6 Gluten-Free Pasta Alternatives Rated By The Experts

6 Gluten-Free Pasta Alternatives Rated By The Experts

Few things are more comforting than a bowl of pasta, but if you’re allergic to wheat or gluten, you’ll know all about the dangers of indulging. Thankfully, the alternatives have never been better. From quinoa spaghetti to chickpea fusilli, here’s what three nutritional experts recommend – and what they don’t.
By Tor West

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Always Read The Label

“Just because something is gluten free doesn’t mean it’s good for you. Always read the label and watch out for additional ingredients you don’t recognise. And don’t assume that just because it’s a pasta alternative it’s lower in carbohydrates. Many of these pastas contain the same amount of carbs as normal pasta.” – Sophie 

Include A Source of Protein

“Free from gluten or not, it’s important to pair carbohydrates with protein to minimise blood sugar spikes and dips that can leave you low in energy, irritable and craving more carbs. Pair your pasta with prawns, chicken or tofu to keep blood sugar balanced. Pasta with homemade pesto is my favourite – make your own pesto with fresh basil, pine nuts, garlic, parmesan and extra virgin olive oil. I rate Citizens of Soil Extra Virgin Olive Oil as it’s delicious and especially rich in nutrients. If you are vegan, swap the parmesan for The Nooch Co nutritional yeast, which is also a great source of B vitamins.” – Sophie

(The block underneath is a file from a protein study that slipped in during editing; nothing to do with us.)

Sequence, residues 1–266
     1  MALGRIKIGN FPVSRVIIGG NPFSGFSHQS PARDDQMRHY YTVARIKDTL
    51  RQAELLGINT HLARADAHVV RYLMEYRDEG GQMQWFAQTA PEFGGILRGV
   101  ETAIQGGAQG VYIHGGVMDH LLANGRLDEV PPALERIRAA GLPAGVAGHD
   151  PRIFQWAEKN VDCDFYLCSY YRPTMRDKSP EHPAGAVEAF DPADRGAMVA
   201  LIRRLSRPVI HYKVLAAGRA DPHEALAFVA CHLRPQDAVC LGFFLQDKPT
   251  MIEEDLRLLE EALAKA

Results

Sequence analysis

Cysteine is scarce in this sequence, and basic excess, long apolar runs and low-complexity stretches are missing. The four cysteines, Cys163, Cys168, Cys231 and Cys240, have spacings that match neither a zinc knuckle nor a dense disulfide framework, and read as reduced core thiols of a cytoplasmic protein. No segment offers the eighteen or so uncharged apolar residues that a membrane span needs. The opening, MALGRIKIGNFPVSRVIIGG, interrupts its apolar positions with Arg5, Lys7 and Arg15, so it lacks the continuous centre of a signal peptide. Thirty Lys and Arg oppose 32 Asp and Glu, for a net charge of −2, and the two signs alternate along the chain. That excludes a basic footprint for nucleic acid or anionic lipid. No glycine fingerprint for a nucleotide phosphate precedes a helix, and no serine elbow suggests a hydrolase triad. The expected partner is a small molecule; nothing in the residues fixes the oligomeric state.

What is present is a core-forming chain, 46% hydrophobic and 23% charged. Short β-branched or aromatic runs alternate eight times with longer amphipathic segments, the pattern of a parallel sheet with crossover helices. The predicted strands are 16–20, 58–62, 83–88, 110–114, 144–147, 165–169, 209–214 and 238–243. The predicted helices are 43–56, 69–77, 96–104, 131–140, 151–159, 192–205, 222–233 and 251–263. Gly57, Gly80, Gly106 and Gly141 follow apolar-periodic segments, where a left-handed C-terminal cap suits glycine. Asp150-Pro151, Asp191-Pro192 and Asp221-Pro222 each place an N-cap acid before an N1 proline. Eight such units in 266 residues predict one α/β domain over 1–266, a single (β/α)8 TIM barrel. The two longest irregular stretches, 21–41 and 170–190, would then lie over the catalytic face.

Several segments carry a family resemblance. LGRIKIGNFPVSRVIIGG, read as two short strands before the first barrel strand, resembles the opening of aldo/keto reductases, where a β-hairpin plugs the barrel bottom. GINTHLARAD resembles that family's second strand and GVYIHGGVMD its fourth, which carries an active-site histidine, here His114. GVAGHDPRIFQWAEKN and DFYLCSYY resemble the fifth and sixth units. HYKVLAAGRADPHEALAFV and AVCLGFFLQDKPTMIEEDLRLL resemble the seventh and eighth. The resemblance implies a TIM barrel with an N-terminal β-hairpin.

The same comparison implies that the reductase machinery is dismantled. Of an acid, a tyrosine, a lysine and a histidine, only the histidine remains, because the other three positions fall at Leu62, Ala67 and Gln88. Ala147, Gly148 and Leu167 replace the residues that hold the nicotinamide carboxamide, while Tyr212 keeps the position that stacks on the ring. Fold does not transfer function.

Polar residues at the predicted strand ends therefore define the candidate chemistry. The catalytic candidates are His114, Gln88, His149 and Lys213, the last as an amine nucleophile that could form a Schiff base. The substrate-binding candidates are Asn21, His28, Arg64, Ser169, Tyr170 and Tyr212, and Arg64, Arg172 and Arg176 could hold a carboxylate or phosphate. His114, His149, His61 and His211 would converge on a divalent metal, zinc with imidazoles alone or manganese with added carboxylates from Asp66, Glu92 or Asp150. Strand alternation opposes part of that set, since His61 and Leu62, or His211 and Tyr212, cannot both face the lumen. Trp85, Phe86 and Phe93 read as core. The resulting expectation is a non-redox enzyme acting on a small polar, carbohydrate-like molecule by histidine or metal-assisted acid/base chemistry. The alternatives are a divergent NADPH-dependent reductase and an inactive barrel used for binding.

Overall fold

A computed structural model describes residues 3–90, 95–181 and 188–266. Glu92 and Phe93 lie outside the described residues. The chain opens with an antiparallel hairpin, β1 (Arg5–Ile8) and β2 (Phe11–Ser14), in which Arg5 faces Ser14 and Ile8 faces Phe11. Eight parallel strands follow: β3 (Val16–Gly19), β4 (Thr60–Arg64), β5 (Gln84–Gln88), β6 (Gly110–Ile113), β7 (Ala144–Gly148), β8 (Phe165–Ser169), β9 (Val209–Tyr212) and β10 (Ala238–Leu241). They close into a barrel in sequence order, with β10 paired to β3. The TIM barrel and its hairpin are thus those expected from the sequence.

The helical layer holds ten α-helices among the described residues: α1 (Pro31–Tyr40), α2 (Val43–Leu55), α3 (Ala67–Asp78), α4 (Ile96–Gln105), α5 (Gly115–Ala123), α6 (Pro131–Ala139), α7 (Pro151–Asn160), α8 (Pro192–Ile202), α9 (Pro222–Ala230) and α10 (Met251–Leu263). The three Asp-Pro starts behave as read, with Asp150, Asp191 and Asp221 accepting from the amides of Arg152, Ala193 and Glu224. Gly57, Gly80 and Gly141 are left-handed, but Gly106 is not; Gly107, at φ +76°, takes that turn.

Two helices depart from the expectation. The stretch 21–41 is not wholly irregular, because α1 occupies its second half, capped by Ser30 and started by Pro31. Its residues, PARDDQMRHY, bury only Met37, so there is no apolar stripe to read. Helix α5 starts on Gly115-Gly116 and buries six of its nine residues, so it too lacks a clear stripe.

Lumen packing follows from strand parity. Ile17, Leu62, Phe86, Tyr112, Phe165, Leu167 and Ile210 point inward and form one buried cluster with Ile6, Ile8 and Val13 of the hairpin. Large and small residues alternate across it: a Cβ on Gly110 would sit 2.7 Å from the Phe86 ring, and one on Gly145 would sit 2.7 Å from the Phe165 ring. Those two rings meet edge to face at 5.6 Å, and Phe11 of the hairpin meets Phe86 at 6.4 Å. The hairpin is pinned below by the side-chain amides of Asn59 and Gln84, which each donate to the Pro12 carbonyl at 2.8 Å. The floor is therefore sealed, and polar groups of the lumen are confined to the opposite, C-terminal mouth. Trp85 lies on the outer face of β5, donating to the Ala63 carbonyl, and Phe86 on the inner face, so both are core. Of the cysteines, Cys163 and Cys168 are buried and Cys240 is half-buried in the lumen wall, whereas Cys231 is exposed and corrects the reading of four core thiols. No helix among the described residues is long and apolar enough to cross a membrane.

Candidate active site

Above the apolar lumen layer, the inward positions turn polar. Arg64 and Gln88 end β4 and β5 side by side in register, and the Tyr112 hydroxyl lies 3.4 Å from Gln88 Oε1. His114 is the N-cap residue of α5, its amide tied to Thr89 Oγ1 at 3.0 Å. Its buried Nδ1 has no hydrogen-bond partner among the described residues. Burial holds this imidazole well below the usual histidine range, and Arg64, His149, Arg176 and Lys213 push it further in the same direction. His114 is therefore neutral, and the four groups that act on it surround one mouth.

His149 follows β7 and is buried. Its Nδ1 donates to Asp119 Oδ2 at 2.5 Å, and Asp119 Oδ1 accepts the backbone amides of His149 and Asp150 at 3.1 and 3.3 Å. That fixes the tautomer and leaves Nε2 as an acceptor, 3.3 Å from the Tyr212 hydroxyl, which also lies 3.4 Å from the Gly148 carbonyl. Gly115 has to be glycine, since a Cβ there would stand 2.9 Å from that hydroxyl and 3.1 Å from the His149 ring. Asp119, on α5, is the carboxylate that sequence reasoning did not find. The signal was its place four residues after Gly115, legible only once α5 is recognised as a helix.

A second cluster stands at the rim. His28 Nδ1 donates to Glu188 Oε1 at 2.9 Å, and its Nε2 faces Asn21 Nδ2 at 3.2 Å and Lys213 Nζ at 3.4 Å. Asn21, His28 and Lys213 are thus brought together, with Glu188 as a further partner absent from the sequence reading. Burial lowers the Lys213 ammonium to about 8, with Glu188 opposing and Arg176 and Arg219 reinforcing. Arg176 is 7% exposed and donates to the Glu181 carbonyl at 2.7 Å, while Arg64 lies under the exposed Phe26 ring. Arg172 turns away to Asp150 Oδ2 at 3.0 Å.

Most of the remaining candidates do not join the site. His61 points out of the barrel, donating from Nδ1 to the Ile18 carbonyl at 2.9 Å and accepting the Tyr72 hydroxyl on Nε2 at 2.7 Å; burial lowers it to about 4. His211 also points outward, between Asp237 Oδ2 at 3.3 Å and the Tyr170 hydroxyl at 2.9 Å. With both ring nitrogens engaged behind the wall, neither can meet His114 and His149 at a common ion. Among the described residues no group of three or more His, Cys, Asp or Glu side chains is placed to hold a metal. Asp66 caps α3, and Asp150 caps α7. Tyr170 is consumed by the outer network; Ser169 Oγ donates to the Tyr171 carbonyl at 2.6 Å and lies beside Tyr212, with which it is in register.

Try Swapping Out The Pasta

“A gluten-free pasta will never quite match up to the gluten version, so consider tweaking your meal slightly for something that will be even more satisfying. For example, instead of pasta with a tomato sauce, consider making a tomato-based risotto (rice is gluten free), or make a pomodoro sauce and use it as a topping for a baked potato. Bolognese also tastes delicious on top of spiralised courgette or a bed of spinach. If you’re using a spaghetti alternative, consider using half pasta and half spiralised vegetables to increase the nutrient content and plant diversity of the meal.” – Daisy York, nutritional therapist at Aegle  

If you’re looking for the most AUTHENTIC pasta taste and texture, RED LENTIL PASTA comes PRETTY CLOSE.

Avoid Standard Gluten-Free Options

“Whether gluten is something you actively cut out of your diet due to an allergy or intolerance, or if it’s just out of personal preference, look beyond the obvious gluten-free substitutes in the supermarket, and get to know ingredients that are tastier and more nutritionally rich. The gluten-free aisles in the supermarket tend to be full of nutritionally poor, ultra-processed foods that don’t contribute to good health.” – Darcy Lawler, nutritional therapist at Aegle

Start With Red Lentil Pasta

“If you’re looking for the most authentic pasta taste and texture, red lentil pasta comes pretty close to the original. Plus, red lentil pasta is higher in protein than normal pasta, which is a bonus. Protein is important for so many reasons, from supporting the immune system to maintaining bone density to preventing hair loss. I see many women in my clinic who aren’t consuming enough protein, so switching pasta to a plant-based alternative is an easy way to increase your protein intake.” – Sophie Trotman, nutritionist

Consider Spelt Varieties